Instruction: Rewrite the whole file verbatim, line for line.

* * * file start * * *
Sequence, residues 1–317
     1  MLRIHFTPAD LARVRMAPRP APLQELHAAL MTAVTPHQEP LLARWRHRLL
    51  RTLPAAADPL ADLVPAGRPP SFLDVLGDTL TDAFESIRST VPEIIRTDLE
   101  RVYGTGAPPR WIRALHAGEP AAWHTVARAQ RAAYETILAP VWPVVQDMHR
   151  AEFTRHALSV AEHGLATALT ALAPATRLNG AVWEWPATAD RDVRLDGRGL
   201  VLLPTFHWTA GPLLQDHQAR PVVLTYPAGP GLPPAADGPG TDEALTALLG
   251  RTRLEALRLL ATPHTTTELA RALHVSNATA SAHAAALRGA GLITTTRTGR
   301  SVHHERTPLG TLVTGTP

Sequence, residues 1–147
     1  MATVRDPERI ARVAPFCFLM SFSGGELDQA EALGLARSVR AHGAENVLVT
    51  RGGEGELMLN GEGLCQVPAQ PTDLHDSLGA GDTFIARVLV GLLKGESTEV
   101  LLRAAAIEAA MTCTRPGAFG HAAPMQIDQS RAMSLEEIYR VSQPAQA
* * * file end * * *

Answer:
Sequence, residues 1–317
     1  MLRIHFTPAD LARVRMAPRP APLQELHAAL MTAVTPHQEP LLARWRHRLL
    51  RTLPAAADPL ADLVPAGRPP SFLDVLGDTL TDAFESIRST VPEIIRTDLE
   101  RVYGTGAPPR WIRALHAGEP AAWHTVARAQ RAAYETILAP VWPVVQDMHR
   151  AEFTRHALSV AEHGLATALT ALAPATRLNG AVWEWPATAD RDVRLDGRGL
   201  VLLPTFHWTA GPLLQDHQAR PVVLTYPAGP GLPPAADGPG TDEALTALLG
   251  RTRLEALRLL ATPHTTTELA RALHVSNATA SAHAAALRGA GLITTTRTGR
   301  SVHHERTPLG TLVTGTP

Sequence, residues 1–147
     1  MATVRDPERI ARVAPFCFLM SFSGGELDQA EALGLARSVR AHGAENVLVT
    51  RGGEGELMLN GEGLCQVPAQ PTDLHDSLGA GDTFIARVLV GLLKGESTEV
   101  LLRAAAIEAA MTCTRPGAFG HAAPMQIDQS RAMSLEEIYR VSQPAQA